“We know and we remember that indifference kills along with hate,” he said.

“Indifference and hatred are always capable of creating evil only together. That is why it is so important that all who value life should show determination when it comes to saving those whom hatred seeks to destroy.”

This year, no Russian officials were invited to the celebrations of the event in Auschwitz due to the military buildup on Ukraine’s borders at the time.

US lawmakers call for China sanctions over Ukraine

US lawmakers on Thursday urged the Biden administration to take a tougher stance on China, accusing Chinese organizations of supporting Russia’s war in Ukraine.

“We need to be much stronger” against China, Democratic Sen. Bob Menendez said, citing “evidence that Chinese companies are providing dual-use technology, including semiconductors” that can be used to guide missiles.

“It seems to me that we should not give up the potential for sanctions against China if they provide crucial assistance and they should not be able to hide behind companies,” he said.

His Republican colleague James Risch felt that China was acting “with impunity” and that the United States needed to “tighten sanctions” against the country.

US Foreign Minister Antony Blinken is due to visit China next month.

In parallel, Washington on Thursday announced more sanctions against Wagner and his supporters, which included a Chinese company accused of helping them in Ukraine.

A Chinese space research institute, the Changsha Tianyi Research Institute of Space Science and Technology, is among the organizations the US Treasury Department believes provided Wagner with satellite images in Ukraine.

China, an ally of Russia, says it is neutral towards the conflict in Ukraine while strengthening ties with Russia, particularly in the field of energy, on the sidelines.

But US officials are increasingly concerned about the support given to Russia through Chinese companies in the high-tech field in particular.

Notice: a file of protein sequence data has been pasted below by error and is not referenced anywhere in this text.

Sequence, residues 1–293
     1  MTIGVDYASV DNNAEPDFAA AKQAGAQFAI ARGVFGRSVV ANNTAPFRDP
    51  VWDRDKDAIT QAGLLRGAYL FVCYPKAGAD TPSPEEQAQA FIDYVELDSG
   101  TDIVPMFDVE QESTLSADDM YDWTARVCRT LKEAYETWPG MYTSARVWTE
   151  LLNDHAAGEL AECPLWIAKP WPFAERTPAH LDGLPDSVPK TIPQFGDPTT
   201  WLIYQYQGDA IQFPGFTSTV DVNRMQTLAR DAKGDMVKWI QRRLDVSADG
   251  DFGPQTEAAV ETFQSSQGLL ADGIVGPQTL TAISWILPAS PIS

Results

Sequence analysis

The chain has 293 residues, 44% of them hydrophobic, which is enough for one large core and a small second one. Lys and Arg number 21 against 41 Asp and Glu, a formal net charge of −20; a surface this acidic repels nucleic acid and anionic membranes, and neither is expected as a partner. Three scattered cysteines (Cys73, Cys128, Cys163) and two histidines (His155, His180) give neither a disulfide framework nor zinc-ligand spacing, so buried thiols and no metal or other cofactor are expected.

Ukraine’s grain harvest will plummet: prediction

Ukrainian production of cereals and other essential foods is expected to fall further next year, according to new estimates.

Areas planted to cereals and oilseeds are expected to fall to “53 million tons” in 2023, half of what they were in 2021, according to estimates by the Ukrainian Grain Association (UGA).

“We are at war,” Nikolay Gorbachev, president of the UGA, said Thursday. “We continue to produce cereals, but the harvests will fall. For farmers, it is no longer profitable to produce cereals.”

In 2021, 106 million tons of grain were harvested, a historical record, this was reduced to around 65 million tons by 2022, while for 2023 “53 million tons” are forecast, he said.

Before the Russian invasion, Ukraine was the world’s fourth largest corn exporter and the country was on its way to becoming the third largest wheat exporter.

Fighting in 2022 hampered farmers’ ability to plant crops, compounded by a lack of fuel and the destruction of farm machinery and storage infrastructure.

Gorbachev expressed concern about exports in the upcoming season: “For Ukraine’s national food security, it will be fine. But if Ukraine cannot export these 40 or 50 million [tonnes of grain]? Prices will increase. Europe can allow it, but not developing countries,” she said.

Disruptions in Ukraine’s food exports have brought many developing countries to the brink of starvation by sending prices into orbit.

Experts have warned that the food crisis is causing the arrival of an increasing number of immigrants to the European Union.